The Final Low or the Final High for the Best Market Entry - dummies

The Final Low or the Final High for the Best Market Entry

By Barry Burns

Even people with no knowledge of trading or investing have likely heard the phrase buy low, sell high. The key to timing the market profitably is to buy a cycle low in an uptrend or short a cycle high in a downtrend.

The problem is how to determine, with high probability, that you’re entering on the final cycle high or the final cycle low so that the market doesn’t turn around and stop you out.

Although nothing can truly predict the future of the market, before the market turns off of highs and lows, the market often slows down before actually turning. This is called momentum shift. In this way, momentum often leads price. You can see this in momentum indicators turning down, while price is still moving up, or conversely, momentum indicators turning up while price is still moving down.

In this way, the stochastic indicator can often help you find the final high or low with extreme high probability.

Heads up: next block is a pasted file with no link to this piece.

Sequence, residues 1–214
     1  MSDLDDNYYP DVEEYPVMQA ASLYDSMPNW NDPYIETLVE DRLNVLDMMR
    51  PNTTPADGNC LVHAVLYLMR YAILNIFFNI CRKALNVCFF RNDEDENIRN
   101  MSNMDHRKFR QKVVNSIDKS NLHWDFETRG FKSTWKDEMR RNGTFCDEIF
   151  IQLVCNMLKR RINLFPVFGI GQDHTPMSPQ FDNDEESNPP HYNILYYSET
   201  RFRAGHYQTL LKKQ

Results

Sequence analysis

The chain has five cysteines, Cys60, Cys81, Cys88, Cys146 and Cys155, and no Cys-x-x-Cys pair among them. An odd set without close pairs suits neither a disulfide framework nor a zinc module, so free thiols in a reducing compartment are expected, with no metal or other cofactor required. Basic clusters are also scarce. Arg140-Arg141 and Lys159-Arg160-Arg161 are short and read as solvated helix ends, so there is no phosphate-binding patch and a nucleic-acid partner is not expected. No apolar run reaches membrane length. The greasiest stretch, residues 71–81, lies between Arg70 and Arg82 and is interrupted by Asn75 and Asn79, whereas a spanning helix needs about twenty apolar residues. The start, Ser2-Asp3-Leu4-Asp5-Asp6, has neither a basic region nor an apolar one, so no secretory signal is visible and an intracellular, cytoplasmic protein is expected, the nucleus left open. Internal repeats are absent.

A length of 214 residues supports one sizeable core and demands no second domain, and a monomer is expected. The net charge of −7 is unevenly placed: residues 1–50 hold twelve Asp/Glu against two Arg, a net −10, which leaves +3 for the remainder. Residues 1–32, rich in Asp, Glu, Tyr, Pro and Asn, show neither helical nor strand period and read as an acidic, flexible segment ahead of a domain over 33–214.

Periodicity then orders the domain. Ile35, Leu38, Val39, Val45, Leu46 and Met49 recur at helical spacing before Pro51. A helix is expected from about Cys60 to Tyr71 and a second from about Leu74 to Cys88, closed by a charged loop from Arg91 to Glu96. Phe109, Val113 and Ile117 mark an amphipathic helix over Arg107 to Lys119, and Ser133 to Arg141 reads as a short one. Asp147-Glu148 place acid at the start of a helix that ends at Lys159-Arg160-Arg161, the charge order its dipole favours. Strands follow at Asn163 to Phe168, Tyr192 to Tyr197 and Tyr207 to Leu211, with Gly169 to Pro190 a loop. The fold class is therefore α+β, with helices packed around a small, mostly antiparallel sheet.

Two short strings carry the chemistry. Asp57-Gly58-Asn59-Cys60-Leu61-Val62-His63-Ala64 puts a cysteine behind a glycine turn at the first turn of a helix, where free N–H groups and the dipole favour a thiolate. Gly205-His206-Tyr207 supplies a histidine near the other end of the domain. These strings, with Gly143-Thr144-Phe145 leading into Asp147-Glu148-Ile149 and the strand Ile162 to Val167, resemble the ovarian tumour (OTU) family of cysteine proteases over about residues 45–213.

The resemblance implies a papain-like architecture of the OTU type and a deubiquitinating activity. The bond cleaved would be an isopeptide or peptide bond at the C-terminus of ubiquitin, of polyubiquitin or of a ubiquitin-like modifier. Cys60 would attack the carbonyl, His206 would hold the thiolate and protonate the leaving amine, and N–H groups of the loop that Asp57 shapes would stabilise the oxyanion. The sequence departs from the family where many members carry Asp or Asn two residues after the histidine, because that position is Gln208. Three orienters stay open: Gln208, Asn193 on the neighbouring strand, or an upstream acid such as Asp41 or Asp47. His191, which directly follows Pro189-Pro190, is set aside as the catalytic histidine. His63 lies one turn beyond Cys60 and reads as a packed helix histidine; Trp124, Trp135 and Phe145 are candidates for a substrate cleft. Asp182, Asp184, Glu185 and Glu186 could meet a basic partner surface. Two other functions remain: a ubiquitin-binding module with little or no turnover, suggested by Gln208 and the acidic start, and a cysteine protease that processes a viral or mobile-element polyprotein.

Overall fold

• Final low: When attempting to trade an uptrend, you want to buy a cycle low, but you want to get the lowest low before the market continues its move up, after a retrace (wiggle) against the trend. To do this with high probability, look for a momentum shift on the stochastic indicator — a divergence between price and %K.

    As shown in the example, you see a lower low on price but a higher low on %K.

    [Credit: Figure by Barry Burns]
    Credit: Figure by Barry Burns
  • Final high: When attempting to trade a downtrend, you want to short a cycle high, but you want to get the highest high before the market continues its down move, after a retrace (wiggle) against the trend. To do this with high probability, look for a momentum shift on the stochastic indicator.

    You see a higher high on price but a lower high on %K.

    [Credit: Figure by Barry Burns]
    Credit: Figure by Barry Burns

Not every cycle low or high has such a divergence pattern on the stochastic indicator, but when you do see them, know that they’re high-probability signals.

This alone doesn’t make a great trade. Cycles give you information only about timing. They don’t give you information about direction (trend does that of course) or how far you expect a move to follow through after you get in.